Remembering Rad Curdy, an Exceptional Collector

- by Bruce E. McKinney

Radcurdy3

Rad Curdy, an exceptional collector


By Bruce McKinney

In the 1960's and early 1970's I frequently attended the Saturday night auctions that Cal Smith of Pleasant Valley, ran. I was selling advertising at the time and Cal would let me run his two column 5 or 6 inch ads in my family's newspapers just across the Hudson in southern Ulster County. These ads were always at least a little effective because my brother and I used to go, and if there were interesting books, we would bid. These auctions were a place to see, if not necessarily speak with, other "book people." Some were friendly and some not. One of the bibliophiles I used to see before I knew the term, was Rad Curdy, a very interesting character.

Rad, born Radford B., who died in 2002 at 67, was a dozen years older and many times smarter than I was about books then. He had a disheveled appearance. His clothes could look like Good Will throwaways and I remember that his belt had once fit someone much larger for it tucked around the quarter pole. He was friendly in a distant way. He first approached me at Cal's wondering what I was after. A week later he was at my door with several boxes of material he wanted to convert to cash and it was impossible to ever turn him down. The material he brought was always in exceptional condition and he could, with no prompting or preparation, deliver the story of John Burroughs, a local deity, Frederic Goudy, once a local resident, or the grainy details of Poughkeepsie history. He simply lived a life inside of history and the printed word was one of the ways in which knew and collected his passion. As we now know he collected more than books.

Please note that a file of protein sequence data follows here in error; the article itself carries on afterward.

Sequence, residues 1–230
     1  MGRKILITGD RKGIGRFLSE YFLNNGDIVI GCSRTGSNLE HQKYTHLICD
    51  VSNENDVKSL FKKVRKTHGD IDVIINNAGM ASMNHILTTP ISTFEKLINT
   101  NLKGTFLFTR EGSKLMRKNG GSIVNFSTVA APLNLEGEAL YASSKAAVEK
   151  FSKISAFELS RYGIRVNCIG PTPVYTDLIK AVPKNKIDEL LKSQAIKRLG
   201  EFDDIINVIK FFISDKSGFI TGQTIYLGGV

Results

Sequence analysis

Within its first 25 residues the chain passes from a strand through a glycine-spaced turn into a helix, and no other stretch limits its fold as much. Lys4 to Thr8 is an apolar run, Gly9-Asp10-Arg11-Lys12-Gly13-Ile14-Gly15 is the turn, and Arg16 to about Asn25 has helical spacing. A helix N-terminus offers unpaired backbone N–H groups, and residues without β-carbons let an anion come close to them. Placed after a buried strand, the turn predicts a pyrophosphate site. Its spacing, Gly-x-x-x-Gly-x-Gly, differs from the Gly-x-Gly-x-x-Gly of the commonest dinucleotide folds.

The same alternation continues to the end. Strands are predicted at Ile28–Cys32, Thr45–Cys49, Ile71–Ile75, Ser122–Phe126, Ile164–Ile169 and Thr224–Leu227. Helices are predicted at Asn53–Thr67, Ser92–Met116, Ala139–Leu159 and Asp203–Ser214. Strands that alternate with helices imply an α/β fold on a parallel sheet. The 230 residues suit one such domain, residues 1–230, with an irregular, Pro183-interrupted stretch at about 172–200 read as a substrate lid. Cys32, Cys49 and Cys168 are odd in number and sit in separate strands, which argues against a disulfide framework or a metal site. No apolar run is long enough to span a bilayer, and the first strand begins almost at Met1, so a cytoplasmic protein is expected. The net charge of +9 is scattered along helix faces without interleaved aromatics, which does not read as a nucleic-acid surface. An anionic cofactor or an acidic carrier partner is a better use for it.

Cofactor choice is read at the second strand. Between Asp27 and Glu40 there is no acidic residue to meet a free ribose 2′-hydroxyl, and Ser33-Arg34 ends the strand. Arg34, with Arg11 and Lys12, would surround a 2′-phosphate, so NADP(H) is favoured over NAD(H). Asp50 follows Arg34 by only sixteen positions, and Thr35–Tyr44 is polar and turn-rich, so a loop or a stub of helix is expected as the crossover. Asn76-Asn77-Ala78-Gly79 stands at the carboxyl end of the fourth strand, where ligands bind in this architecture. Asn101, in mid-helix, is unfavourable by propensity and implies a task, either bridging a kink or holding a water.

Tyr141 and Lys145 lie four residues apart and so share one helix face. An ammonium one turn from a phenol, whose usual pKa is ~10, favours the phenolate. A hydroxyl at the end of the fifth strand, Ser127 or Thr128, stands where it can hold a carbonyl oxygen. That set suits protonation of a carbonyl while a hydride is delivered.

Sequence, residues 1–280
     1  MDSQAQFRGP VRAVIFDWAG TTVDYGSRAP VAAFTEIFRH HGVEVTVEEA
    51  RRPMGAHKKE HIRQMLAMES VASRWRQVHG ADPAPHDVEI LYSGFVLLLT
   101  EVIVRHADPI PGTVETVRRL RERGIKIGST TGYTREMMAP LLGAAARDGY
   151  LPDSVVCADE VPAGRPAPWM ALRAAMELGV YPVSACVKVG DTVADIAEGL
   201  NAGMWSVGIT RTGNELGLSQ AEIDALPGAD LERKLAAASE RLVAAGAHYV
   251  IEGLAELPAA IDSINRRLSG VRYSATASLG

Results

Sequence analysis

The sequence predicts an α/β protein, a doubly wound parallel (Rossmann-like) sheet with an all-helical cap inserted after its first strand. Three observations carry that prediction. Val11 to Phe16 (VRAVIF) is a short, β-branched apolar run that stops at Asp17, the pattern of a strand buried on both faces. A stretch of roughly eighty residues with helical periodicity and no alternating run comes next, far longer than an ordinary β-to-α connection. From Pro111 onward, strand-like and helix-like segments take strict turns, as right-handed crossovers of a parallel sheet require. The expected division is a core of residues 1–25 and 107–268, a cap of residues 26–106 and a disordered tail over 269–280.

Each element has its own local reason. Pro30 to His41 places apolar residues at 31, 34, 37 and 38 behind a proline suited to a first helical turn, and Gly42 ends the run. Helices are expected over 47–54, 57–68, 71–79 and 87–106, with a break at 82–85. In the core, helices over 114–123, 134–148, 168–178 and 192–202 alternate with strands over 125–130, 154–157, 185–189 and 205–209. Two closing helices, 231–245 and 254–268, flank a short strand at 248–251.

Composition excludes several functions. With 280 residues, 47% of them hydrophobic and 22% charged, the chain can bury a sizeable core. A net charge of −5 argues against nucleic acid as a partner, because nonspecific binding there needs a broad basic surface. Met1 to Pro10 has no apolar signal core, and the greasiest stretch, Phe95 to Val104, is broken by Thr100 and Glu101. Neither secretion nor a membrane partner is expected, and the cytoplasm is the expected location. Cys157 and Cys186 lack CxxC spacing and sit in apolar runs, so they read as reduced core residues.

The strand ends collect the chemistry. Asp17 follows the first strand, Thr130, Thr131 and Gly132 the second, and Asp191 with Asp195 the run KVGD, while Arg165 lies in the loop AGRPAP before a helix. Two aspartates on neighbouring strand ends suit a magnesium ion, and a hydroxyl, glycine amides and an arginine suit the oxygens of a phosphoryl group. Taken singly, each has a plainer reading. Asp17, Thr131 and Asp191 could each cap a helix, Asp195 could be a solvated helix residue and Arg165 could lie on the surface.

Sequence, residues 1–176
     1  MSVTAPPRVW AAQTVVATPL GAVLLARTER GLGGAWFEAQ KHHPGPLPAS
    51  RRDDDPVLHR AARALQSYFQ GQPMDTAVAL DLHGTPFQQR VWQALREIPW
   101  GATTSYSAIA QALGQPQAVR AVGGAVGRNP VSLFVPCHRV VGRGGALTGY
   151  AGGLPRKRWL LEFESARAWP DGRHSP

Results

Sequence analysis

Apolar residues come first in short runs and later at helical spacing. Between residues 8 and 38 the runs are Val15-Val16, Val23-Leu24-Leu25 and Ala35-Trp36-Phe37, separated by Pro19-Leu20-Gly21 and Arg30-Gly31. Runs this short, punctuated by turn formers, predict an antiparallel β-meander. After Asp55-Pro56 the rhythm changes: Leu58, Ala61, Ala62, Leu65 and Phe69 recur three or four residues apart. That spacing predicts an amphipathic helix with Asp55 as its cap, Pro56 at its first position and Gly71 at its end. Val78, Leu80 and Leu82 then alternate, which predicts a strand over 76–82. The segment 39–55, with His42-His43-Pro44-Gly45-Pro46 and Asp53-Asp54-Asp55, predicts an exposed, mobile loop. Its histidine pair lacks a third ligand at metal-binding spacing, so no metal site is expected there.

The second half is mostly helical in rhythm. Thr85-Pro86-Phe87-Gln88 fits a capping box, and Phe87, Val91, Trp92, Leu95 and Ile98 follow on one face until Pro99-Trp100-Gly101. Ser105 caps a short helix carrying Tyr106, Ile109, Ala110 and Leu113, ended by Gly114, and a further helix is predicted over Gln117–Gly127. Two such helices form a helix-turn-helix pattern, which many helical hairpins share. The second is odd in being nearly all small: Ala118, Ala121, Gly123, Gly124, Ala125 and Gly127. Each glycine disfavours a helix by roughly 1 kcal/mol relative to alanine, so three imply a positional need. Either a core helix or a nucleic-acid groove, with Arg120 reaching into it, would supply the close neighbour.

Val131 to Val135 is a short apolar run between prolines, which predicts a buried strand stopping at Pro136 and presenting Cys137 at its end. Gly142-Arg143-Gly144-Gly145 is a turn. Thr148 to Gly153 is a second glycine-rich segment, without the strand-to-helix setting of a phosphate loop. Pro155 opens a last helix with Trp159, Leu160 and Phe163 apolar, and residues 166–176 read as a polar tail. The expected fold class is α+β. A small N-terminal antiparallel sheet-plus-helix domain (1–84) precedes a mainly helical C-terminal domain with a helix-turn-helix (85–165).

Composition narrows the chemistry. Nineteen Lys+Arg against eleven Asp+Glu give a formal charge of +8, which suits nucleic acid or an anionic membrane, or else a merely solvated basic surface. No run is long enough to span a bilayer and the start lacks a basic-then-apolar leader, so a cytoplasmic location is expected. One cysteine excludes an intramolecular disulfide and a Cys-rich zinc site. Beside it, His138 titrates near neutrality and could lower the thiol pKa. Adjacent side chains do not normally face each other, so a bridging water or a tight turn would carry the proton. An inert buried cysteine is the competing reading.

You could not visit his house and he would not tell you where he lived. To reach him you called the paper where he worked. Once, when calling the Peekskill Mountain Star, I asked "What's the story with Rad?" "I've no idea but he's good." This person knew no more than me. Rad's explanation about his house was that he collected Revolutionary War material and that it was very valuable. Its location was and today remains a secret.

For years after I moved away in late 1974 I used to ask my brother if he had seen Rad. He would say "yes, but it's been a while. I saw him at the so and so auction." The last time my brother saw Rad was about a year ago. He died in 2002 but if you knew Rad or my brother you would understand. Death was not going to keep Rad out of the auction rooms.